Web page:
The European landscape was shaped throughout the centuries by a large scale of disturbances, either natural or human-induced, which played a key role in shaping the whole ecosystem and development of wildlife biota. A plethora of recent studies suggests that transition from extensive to intensive agriculture or forestry during the past two centuries had a negative impact on the whole communities of organisms. To further understand the more complex relationship between organisms and the environment, there is a necessity to merge subjects of ecology and geography. This field is called landscape ecology and its main essence is the exploration of spatial patterns related to wildlife organisms.
The main proportion of our research aims focuses on spatial analyses in the landscape, which results in the change of components in the landscape cover and related changes in the overall landscape composition. Our work presents a spatial composition of maps characterizing possible changes in the landscape and prediction analyses of abundance or probability occurrence of the specific organism in the context of land use and land cover changes. Additionally, these data can be linked to research from other fields of science.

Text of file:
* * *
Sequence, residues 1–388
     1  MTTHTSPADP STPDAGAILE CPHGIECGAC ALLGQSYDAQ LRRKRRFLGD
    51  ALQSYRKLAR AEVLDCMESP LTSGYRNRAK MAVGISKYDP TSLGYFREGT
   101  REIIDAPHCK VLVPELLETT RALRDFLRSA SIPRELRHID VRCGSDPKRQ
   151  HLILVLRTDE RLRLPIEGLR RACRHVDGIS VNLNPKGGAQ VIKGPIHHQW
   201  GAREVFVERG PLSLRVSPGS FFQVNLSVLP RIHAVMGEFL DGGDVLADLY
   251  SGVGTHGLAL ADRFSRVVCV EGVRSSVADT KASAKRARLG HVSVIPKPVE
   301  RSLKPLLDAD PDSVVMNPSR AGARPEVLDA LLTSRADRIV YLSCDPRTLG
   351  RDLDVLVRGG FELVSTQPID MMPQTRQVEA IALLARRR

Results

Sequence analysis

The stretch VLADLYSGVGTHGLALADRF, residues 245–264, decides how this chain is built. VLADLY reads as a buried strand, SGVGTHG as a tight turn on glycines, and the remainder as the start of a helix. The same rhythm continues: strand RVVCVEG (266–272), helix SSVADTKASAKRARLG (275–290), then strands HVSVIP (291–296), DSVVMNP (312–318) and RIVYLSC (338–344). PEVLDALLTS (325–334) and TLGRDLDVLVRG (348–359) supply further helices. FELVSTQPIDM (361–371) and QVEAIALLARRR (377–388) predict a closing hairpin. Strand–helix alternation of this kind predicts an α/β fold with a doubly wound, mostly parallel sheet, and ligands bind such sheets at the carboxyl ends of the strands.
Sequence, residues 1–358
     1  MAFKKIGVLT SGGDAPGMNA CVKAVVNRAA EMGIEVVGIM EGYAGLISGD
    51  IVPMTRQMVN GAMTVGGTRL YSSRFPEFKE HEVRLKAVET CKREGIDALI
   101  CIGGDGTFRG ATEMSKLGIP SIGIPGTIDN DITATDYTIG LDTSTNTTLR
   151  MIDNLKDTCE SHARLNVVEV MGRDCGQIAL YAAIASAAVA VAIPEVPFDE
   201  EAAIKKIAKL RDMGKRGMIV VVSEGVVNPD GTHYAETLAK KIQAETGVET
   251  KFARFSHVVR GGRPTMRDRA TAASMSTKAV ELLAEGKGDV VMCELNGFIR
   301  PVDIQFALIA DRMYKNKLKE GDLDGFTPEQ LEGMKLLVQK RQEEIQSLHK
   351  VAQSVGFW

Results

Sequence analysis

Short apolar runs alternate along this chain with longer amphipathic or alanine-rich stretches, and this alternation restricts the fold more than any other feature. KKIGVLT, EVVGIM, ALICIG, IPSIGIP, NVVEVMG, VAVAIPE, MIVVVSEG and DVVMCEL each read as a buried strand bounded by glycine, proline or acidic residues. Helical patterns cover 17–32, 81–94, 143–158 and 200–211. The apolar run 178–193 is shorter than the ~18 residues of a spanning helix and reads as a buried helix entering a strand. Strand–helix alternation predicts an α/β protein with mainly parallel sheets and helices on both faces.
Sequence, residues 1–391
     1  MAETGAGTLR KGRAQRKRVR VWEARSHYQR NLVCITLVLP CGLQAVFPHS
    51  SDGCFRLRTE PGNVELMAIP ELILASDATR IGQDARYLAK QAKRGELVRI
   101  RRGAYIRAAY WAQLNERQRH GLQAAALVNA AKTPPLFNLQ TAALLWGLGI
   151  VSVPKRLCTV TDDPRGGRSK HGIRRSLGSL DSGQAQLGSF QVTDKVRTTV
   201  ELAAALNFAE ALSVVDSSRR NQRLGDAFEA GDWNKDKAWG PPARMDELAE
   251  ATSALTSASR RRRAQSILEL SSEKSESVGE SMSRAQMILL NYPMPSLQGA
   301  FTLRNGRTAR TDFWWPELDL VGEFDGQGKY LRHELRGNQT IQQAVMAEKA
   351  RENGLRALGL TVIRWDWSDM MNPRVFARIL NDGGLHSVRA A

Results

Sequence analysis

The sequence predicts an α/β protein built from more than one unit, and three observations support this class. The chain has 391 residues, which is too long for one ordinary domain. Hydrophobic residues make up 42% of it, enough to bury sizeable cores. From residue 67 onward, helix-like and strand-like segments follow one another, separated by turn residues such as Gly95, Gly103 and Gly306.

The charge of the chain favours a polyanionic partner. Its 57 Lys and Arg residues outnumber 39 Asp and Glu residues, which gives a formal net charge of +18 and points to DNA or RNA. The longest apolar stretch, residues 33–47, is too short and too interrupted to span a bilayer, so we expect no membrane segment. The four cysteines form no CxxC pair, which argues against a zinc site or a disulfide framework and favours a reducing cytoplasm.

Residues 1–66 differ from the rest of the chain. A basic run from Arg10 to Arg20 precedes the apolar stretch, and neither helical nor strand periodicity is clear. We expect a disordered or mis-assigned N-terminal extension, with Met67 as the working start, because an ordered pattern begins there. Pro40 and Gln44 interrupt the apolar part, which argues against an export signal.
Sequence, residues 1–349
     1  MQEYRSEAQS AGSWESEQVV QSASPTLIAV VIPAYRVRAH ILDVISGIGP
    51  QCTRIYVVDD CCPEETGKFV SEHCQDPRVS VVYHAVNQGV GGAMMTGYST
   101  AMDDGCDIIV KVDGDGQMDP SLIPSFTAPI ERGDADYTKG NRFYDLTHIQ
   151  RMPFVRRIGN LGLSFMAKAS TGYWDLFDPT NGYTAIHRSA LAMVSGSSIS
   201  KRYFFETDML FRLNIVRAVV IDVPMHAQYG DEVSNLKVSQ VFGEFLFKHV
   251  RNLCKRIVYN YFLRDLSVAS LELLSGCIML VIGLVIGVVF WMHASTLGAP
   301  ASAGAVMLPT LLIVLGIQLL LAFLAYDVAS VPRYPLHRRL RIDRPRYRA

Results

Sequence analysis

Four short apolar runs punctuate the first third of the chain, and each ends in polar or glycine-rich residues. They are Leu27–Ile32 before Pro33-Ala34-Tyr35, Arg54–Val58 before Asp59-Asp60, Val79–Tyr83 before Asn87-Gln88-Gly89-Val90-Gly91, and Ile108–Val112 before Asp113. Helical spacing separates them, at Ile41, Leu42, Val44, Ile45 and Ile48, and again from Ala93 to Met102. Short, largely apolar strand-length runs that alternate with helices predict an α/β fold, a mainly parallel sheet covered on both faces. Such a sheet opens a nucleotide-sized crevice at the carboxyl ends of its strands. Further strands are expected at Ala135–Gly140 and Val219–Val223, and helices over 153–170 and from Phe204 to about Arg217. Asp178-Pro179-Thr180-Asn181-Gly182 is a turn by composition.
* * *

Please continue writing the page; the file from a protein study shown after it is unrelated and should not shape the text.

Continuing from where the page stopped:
Veteran trees and saproxylic insects in the floodplains of lower Morava and Dyje rivers
(Czech or English).
Pollarded willows in South Moravian region (Czech).
Jan Miklín, Gwendoline Percel, Pavel Šebek
Past levels of canopy closure affect the occurrence of veteran trees and flagship saproxylic beetles.Miklín et al. 2018, Diversity and Distributions.
Confluence of the Morava and Dyje Rivers: A century of landscape changes in maps.Miklín and Hradecký 2016, Journal of Maps.
Změny krajinného krytu na území národního parku Podyjí mezi lety 1938 a 2014 [Land cover changes in the territory of Podyjí National park between 1938 and 2014].Miklín et al. 2016, Thayensia.
Biology Centre CAS Institute of Entomology Branišovská 31 370 05 České Budějovice Czech Republic